British Columbia

Charges stayed in B.C. 'gifting' pyramid scheme

Criminal charges have been stayed against two B.C. women accused of running an illegal "gifting circle" after prosecutors found they weren't likely to be convicted.

Crown prosecutors found evidence no longer supported 'substantial likelihood' of conviction

Crown prosecutors found that the evidence did not suggest two B.C. women were likely to be convicted of running an illegal 'gifting' scheme. (Mike Laanela/CBC)

Criminal charges have been stayed against two B.C. women accused of running an illegal "gifting circle" after prosecutors found they weren't likely to be convicted.

Esther Ayshia Vandenbrink and Chrystal Lee Lyons were arrested by Coquitlam RCMP in 2017 and charged with illegally running a lottery.

Their charges were stayed in Port Coquitlam provincial court last week after the prosecutor received new information about the case, according to B.C. Prosecution Service spokesman Dan McLaughlin.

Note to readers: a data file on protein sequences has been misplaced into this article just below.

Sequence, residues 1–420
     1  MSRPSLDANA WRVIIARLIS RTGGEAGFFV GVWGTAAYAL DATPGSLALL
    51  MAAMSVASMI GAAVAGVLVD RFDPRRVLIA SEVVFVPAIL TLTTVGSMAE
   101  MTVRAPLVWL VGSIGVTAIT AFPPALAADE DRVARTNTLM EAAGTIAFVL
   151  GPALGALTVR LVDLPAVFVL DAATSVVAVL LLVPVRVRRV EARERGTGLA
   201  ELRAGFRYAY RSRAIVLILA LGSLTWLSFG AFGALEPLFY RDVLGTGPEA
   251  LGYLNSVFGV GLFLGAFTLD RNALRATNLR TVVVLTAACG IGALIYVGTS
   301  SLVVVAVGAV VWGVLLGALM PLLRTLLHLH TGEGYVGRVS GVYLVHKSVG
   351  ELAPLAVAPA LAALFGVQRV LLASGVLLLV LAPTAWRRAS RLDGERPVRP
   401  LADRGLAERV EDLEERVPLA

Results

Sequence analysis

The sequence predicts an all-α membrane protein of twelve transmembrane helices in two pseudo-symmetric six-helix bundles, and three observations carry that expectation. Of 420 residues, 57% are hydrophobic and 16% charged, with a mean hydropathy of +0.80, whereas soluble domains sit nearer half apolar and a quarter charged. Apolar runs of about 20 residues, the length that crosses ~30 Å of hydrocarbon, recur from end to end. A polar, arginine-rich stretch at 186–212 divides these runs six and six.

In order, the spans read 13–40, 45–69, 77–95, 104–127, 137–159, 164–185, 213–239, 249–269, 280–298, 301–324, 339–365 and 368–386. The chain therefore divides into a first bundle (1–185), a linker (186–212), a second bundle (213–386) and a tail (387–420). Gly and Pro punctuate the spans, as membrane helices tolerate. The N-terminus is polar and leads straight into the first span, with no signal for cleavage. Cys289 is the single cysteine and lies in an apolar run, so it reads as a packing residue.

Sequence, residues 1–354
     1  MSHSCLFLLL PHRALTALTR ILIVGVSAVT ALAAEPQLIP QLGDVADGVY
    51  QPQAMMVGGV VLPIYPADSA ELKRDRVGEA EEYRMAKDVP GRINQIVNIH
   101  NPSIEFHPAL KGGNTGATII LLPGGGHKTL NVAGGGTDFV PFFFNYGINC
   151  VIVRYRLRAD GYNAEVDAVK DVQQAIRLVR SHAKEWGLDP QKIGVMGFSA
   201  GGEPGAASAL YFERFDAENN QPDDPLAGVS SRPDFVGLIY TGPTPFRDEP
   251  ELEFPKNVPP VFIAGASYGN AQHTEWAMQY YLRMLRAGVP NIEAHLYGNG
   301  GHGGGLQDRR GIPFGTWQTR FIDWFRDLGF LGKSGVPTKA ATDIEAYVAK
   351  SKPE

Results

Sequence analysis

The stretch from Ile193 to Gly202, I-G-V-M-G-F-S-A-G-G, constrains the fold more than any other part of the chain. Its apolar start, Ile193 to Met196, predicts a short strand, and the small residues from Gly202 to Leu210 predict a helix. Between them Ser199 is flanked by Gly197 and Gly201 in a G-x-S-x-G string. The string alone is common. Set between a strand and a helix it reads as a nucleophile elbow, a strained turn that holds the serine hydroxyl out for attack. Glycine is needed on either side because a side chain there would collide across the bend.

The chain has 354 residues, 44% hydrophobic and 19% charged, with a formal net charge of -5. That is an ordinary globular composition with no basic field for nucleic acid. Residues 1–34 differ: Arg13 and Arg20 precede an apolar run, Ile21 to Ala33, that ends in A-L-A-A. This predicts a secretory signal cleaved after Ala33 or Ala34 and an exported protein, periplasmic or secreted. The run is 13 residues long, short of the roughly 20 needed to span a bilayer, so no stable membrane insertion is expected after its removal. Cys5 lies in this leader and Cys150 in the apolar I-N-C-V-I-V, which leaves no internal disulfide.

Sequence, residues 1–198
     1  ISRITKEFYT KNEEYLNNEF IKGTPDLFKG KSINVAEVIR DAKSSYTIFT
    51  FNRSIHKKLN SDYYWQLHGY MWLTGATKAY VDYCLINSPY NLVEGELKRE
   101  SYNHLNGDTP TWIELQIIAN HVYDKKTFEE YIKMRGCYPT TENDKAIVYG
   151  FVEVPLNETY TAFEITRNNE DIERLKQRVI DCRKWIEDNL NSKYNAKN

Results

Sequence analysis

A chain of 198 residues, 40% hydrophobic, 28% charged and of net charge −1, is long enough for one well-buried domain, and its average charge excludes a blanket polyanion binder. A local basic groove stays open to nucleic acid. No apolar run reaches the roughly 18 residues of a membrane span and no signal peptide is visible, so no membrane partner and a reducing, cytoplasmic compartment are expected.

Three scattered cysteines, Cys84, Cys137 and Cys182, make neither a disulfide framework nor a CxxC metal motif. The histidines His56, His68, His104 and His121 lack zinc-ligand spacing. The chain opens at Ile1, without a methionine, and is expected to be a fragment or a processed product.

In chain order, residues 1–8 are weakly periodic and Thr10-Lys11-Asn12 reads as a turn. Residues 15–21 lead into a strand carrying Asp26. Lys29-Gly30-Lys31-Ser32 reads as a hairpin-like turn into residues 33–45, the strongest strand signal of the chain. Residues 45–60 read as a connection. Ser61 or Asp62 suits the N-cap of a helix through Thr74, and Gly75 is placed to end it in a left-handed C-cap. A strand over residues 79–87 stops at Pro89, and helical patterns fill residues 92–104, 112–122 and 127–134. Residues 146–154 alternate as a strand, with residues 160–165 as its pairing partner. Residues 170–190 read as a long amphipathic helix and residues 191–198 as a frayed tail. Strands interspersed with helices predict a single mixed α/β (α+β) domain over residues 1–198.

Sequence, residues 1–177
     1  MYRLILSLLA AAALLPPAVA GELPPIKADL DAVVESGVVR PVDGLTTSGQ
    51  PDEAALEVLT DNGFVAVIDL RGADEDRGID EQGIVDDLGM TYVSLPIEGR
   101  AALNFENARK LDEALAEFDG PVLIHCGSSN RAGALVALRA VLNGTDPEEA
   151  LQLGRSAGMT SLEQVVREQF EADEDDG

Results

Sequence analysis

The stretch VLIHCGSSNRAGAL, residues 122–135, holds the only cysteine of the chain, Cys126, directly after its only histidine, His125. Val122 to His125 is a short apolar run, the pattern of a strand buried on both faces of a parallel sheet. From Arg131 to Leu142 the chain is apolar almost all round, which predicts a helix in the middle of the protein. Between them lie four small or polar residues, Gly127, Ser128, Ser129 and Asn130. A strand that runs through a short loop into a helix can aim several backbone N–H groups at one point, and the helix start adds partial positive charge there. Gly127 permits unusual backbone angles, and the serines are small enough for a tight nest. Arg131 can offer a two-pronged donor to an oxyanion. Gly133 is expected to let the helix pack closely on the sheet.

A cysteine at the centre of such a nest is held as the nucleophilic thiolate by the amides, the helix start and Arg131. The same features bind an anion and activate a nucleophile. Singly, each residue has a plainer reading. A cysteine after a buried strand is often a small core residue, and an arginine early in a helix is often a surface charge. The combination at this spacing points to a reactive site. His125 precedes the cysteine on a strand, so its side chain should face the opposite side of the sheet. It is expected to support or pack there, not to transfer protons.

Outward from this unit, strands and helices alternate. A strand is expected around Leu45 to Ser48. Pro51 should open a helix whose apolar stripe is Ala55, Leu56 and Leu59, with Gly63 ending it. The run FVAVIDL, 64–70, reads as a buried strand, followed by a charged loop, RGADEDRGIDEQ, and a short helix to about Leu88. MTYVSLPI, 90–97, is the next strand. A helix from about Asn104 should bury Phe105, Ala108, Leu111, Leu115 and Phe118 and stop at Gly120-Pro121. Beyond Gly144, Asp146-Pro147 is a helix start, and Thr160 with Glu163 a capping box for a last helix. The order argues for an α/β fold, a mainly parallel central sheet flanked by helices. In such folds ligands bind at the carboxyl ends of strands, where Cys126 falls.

"After reviewing this information and the rest of the file materials, the prosecutor concluded the charge approval standard could no longer be met. In these circumstances, a stay of proceedings is the appropriate course of action," McLaughlin wrote in an email.

For criminal charges to go ahead in B.C., Crown counsel must determine that the evidence supports a "substantial likelihood" of conviction and that the public interest requires prosecution.

"In these cases, the prosecutor concluded the evidence no longer supported the test for the likelihood of a conviction and the charges were stayed," McLaughlin wrote.

Gifting circles are just the latest incarnation of the classic pyramid scheme.

In a gifting circle — also known as a gifting cloud or community — new members buy in with a "gift" of cash. They then have to recruit friends to fill in the bottom slots on the pyramid in the hope of eventually reaching the top and receiving a large payout.

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